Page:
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Please use this identifier to cite or link to this item: http://hdl.handle.net/10204/3795

Title: Evolution of fire and invasive alien plant management practices in fynbos
Authors: Van Wilgen, BW
Keywords: Fire management
Invasive alien plants
Fynbos
Biological control
Prescribed burning
Pine
Conservation
Issue Date: Sep-2009
Publisher: Academy of Science of South Africa
Citation: Van Wilgen, BW. 2009. Evolution of fire and invasive alien plant management practices in fynbos. South African Journal of Science, Vol. 105(Sep/Oct), pp 335-342
Abstract: The history and development of fire and invasive alien plant management policies in fynbos during the 20th century are reviewed. Fire was initially condemned outright as a destructive force, but as its vital role became better understood, management policies switched from protection to active burning in 1968. During the 1970s, large, coordinated research programmes were established, resulting in a solid basis of knowledge on which to develop fire management policies. Despite policies of prescribed burning, wild fires remain the dominant feature of the region, fortunately driving a variable fire regime that remains broadly aligned with conservation objectives. The problem of conserving fire-adapted fynbos is complicated by invading alien trees that are also fire-adapted. Research results were used to demonstrate the impacts of these invasions on water yields, leading to the creation of one of the largest alien plant control programmes globally. Despite improvements in control methods, alien trees, notably pines, continue to spread almost unchecked. Biological control offered some hope for controlling pines, but was ruled out as too high a risk for these commercially-important trees. Failure to address this problem adequately will almost certainly result in the severe degradation of remaining fynbos ecosystems.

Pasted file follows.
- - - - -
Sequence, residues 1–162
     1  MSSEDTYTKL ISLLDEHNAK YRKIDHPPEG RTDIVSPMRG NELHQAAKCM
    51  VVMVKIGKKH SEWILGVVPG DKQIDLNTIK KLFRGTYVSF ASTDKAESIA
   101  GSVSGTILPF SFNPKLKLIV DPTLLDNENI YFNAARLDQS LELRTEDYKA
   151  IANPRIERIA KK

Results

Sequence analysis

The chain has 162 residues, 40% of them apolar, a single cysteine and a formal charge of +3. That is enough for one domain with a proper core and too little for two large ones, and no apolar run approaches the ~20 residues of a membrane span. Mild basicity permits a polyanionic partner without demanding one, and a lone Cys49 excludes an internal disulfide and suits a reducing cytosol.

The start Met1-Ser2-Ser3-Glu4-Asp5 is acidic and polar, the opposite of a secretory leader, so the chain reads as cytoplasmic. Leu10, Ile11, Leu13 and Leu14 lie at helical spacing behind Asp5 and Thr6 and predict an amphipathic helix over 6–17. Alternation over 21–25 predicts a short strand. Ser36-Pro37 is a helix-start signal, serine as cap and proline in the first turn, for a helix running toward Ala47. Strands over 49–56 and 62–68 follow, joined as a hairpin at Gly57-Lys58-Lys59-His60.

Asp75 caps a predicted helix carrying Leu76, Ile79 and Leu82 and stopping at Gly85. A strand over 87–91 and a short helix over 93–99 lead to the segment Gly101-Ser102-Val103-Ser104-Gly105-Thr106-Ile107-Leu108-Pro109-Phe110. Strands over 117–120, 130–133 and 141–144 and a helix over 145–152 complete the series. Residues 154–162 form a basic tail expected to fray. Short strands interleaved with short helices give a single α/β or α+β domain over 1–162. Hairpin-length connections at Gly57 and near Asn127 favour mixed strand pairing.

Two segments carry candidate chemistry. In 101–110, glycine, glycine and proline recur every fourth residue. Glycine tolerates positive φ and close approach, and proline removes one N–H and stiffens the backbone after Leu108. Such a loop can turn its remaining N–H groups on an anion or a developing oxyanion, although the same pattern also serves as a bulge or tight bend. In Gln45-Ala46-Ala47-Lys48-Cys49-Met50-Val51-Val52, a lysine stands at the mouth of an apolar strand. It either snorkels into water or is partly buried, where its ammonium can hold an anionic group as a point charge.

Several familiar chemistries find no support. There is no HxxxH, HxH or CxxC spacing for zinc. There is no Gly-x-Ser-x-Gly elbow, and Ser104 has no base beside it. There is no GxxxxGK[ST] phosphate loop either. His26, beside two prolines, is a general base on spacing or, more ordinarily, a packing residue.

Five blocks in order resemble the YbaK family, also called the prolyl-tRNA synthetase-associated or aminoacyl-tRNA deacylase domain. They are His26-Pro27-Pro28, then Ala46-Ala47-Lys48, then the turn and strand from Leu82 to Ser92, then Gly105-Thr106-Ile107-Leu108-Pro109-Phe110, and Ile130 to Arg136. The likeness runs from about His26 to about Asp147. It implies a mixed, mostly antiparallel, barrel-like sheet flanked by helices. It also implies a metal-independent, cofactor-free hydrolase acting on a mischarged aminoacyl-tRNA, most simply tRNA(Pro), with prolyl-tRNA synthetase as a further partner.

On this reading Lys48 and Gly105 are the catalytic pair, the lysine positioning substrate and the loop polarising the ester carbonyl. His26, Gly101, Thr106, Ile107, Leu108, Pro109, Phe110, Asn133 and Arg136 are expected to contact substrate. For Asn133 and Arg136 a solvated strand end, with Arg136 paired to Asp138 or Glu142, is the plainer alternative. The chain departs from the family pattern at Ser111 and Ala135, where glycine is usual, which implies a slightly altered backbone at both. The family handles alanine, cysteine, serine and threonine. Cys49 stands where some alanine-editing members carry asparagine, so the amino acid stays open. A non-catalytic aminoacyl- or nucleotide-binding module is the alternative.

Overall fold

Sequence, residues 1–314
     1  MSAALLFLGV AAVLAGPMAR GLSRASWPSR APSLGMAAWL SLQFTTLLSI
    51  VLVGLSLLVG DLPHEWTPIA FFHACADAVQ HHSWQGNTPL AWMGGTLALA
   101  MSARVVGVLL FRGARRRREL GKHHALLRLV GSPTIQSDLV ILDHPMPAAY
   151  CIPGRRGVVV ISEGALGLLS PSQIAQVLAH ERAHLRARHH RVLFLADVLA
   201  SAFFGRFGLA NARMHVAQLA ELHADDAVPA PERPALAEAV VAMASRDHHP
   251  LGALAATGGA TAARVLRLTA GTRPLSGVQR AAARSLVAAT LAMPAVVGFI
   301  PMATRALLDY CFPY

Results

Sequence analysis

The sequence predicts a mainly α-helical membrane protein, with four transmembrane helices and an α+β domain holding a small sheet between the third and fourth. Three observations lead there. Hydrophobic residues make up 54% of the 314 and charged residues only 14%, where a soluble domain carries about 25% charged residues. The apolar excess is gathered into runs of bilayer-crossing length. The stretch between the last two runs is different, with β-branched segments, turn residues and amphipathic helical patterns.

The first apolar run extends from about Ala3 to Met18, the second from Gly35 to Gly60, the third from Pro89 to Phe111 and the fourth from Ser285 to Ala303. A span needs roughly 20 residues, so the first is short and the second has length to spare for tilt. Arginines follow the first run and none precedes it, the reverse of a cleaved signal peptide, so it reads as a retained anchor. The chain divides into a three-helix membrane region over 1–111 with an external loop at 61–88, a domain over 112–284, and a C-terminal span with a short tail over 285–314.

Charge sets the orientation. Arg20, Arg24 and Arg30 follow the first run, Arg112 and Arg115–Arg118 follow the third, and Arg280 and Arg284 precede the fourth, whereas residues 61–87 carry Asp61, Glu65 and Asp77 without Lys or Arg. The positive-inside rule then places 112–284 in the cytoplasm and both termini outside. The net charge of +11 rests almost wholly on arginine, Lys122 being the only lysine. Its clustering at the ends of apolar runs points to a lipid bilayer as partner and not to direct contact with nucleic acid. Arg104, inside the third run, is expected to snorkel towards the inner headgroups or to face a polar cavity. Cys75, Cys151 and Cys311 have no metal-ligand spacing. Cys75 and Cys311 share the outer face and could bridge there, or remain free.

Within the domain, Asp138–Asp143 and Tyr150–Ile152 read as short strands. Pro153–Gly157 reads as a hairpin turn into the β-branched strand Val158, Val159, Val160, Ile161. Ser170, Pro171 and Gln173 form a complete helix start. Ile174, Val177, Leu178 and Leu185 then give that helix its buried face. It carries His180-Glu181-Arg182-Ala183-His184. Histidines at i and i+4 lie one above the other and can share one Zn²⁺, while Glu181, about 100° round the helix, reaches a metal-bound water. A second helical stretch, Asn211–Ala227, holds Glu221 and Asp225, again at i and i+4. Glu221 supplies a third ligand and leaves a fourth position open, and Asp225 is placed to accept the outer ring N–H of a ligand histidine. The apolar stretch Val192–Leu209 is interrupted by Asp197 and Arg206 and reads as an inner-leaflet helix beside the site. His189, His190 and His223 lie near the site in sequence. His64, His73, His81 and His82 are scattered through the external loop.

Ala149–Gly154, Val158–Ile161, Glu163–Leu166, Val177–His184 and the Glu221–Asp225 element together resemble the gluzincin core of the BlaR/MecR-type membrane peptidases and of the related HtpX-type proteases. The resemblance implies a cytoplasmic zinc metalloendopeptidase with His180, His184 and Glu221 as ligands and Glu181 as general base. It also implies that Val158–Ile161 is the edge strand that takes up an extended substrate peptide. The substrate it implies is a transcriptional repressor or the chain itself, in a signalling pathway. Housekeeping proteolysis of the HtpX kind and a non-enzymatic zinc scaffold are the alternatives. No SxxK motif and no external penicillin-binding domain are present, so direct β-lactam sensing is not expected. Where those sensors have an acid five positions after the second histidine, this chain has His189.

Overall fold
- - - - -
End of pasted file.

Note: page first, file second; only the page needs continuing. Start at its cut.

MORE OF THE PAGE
Description: Copyright: 2009 Academy of Science of South Africa
URI: http://hdl.handle.net/10204/3795
ISSN: 0038-2353
Appears in Collections:Environmental management
Water resources and human health
Ecosystems processes & dynamics
General science, engineering & technology

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